Long read: When football cost Labour a general election
When Harold Wilson saw Bobby Charlton substituted in the 1970 World Cup quarter-final, the Prime Minister began to suspect the game was up – both for England and for the Labour party’s hopes of re-election in the imminent general election.
On Sunday June 14, in the merciless midday sun in Leon, England lost a remarkable contest with rivals West Germany 3-2, despite being pre-match favourites and leading 2-0 after 68 minutes through Alan Mullery and Martin Peters. Like many pundits, Wilson felt the turning point had been Sir Alf Ramsey’s first substitution, which came with England leading 2-1.
As he later told Bill Shankly: “I think the mistake was to take [Bobby] Charlton off. That was the signal to the Germans. All they had to do was pile on the attack.”
Four days later, on the morning of polling day, a letter to The Times from Peter Grosvenor presciently enquired: “Sir, thinking of strange reversals of fortune: could it be that Harold Wilson is 2-0 up with 20 minutes to play?”
All but one of the final opinion polls put Labour in the lead, but a swing of 4.7 per cent to the Conservatives ended Wilson’s six-year reign as Prime Minister. Labour lost 76 seats and the Tories, led by Edward Heath, unexpectedly formed the new Government.
Even today, historians and political writers can’t quite explain how Wilson lost.
Fed up with England
The announcement of a large trade deficit on the Monday of election week didn’t help Labour’s cause. Wilson was later criticised for staging a comfy, complacent, presidential-style campaign long on personal appearances and short on policy details.
Yet the Labour leader became convinced that England’s defeat had played its part.
In a long conversation with Shankly on a trip to Liverpool in 1975, faithfully recounted in David Peace’s novel Red or Dead, Wilson said: “People get fed up with their government, like supporters get fed up with a team. And that’s what happened. When I heard we [England] lost 3-2, I thought there’d be an effect. And I did hear a lot of voters saying ‘Oh, I can’t stand anything after this.’ It had some effect on the election. Not decisive, of course.”
That seemed to be what he was counting on when his inner cabinet met at Chequers in April 1970 to discuss the timing of the next election. As then-Defence Secretary Denis Healey recounts with unintentional humour in his memoirs The Time Of My Life: “In June, the British football team would be defending its possession of the World Cup in Argentina.”
Not even realising the English were defending the Jules Rimet trophy in Mexico, Healey was predictably unimpressed by Wilson’s fears that “if we were defeated just before polling day the Government would suffer”. Yet Wilson described the World Cup – and the timing of matches – as a “determining factor”. After making a few calls, he was relieved to discover the matches would be played at night.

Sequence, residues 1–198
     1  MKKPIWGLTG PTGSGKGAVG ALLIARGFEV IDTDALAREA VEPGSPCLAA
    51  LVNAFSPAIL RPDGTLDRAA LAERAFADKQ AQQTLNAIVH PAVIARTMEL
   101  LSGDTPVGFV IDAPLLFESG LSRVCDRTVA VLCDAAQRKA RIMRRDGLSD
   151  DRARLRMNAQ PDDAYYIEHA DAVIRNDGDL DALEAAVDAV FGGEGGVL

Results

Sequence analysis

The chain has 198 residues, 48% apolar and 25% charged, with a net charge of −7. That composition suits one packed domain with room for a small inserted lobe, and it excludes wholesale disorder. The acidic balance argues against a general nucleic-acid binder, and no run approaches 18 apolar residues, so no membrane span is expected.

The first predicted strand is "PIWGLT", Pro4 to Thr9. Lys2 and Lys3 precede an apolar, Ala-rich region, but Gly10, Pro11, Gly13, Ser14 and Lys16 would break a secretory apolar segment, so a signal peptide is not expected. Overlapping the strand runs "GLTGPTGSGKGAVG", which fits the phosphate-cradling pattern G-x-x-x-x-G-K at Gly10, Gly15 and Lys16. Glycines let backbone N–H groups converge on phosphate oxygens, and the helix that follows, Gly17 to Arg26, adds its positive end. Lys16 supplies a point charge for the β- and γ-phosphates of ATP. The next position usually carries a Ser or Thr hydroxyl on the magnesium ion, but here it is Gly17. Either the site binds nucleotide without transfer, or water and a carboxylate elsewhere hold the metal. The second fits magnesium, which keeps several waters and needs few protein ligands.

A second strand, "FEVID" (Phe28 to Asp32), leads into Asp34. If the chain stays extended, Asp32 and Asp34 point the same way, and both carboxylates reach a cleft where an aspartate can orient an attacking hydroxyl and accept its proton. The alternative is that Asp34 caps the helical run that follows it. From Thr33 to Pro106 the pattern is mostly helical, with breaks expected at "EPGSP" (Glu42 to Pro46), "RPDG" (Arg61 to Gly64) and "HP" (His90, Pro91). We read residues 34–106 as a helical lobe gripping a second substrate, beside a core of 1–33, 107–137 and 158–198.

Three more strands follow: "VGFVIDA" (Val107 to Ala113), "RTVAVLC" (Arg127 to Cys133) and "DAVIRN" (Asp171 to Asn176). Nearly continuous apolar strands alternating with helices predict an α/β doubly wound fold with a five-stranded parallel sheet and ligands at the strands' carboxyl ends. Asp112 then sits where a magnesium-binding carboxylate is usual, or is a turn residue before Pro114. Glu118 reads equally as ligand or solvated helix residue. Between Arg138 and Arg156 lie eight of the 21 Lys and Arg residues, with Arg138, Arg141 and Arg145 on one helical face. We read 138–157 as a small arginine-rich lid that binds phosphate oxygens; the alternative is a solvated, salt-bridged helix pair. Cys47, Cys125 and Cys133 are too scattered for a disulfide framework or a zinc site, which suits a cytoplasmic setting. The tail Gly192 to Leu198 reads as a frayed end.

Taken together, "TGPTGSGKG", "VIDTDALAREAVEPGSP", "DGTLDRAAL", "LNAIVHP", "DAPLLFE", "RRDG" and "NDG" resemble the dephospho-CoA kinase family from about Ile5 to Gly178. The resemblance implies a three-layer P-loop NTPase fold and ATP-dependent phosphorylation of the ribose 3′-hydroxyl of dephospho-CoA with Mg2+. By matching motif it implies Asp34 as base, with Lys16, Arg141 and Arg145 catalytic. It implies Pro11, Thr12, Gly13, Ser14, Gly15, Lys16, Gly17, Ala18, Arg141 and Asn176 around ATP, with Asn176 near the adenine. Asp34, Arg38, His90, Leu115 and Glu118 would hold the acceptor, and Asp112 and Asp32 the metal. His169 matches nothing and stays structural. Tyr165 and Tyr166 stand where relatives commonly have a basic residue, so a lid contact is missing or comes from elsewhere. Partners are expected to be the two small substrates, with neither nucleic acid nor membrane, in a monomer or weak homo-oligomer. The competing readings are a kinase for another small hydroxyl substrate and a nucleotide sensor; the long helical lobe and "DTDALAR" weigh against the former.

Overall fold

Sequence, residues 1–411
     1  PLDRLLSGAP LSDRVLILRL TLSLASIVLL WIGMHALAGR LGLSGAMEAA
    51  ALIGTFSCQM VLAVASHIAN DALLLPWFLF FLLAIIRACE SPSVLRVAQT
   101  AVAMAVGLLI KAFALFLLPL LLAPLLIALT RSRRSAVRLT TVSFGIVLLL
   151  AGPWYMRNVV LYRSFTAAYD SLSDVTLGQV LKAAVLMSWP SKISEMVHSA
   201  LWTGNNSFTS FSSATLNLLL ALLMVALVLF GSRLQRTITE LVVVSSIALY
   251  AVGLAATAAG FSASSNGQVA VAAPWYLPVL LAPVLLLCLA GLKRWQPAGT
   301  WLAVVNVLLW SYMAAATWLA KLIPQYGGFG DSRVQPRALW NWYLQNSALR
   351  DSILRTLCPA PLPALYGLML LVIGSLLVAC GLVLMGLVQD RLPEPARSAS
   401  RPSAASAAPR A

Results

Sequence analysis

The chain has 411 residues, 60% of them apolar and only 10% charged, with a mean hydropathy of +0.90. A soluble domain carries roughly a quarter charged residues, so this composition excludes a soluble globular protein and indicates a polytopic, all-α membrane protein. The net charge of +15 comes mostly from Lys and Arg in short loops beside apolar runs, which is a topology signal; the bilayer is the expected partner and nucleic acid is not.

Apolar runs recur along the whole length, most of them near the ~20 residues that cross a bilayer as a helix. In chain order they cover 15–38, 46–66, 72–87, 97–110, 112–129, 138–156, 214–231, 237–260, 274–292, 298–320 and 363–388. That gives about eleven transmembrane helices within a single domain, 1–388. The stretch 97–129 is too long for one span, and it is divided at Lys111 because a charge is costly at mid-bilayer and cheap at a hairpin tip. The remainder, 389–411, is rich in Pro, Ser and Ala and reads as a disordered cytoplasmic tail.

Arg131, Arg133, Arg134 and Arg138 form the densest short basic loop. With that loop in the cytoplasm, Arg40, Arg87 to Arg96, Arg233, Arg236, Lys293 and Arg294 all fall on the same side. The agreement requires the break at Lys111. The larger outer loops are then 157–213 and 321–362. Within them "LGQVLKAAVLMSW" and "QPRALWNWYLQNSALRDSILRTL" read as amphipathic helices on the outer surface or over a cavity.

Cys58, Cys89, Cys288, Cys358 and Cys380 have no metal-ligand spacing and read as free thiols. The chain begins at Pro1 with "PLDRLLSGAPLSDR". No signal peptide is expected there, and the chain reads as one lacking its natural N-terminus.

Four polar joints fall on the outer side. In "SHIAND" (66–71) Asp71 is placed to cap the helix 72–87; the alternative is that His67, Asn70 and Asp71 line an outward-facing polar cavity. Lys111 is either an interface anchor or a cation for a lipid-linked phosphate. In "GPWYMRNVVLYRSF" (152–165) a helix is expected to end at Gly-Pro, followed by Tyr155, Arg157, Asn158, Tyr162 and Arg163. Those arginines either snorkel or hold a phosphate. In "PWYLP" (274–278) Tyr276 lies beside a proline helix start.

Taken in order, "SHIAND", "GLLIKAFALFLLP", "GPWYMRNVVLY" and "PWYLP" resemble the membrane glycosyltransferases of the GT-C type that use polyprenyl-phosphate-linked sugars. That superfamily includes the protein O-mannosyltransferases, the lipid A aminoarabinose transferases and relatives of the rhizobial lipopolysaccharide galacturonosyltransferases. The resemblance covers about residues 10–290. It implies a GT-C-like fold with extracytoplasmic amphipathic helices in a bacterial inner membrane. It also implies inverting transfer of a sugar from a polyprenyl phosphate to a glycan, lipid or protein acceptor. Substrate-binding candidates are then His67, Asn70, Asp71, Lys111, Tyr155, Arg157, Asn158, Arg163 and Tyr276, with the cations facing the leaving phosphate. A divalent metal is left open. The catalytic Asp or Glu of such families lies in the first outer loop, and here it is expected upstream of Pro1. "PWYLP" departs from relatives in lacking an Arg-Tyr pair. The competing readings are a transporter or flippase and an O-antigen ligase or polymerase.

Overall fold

The ministers at Chequers agreed to wait for the May local election results before deciding whether to plump for June or October. When they showed a swing to the Government, Wilson set the date: June 18, during the climax of the World Cup and, crucially, before many Labour voters in the north were due to go on holiday en masse.
People get fed up with their government, like supporters get fed up with a team. And that’s what happened. When I heard we [England] lost 3-2, I thought there’d be an effect
Wilson was partly gambling his office on his theory of a “mystical symbiosis”, as his Chancellor of the Exchequer Roy Jenkins later put it, between Labour and the England team. This might sound absurd now, but throughout his long political career Wilson showed a keen awareness of the game and its political uses.
In 1966, he tried to persuade the BBC to let him share his expert analysis of the World Cup final with the nation at half-time. In an age when many celebrities had not yet learned to use football to underline their street cred, the Prime Minister’s suggestion was ignored.
Wilson didn’t just love football – he relied on it
When Manchester United won the European Cup in 1968, Wilson mocked his Leader of the House of Commons, Richard Crossman, for his indifference. In his diaries, Crossman noted: “Harold clearly felt this makes me incapable of being a great political leader – because the mark of a leader is to be a man who sees football or at least watches it on television.”
This conviction sprang from Wilson’s own life. He was no football luvvie. In April 1981, appearing on a Granada TV talk show with Shankly as a fellow guest, he was asked by host Shelley Rohde: “I’ve often thought, Sir Harold, your support for Huddersfield is a little out of expediency, or is that totally unfair?” Wilson replied: “Oh no, it’s born loyalties.”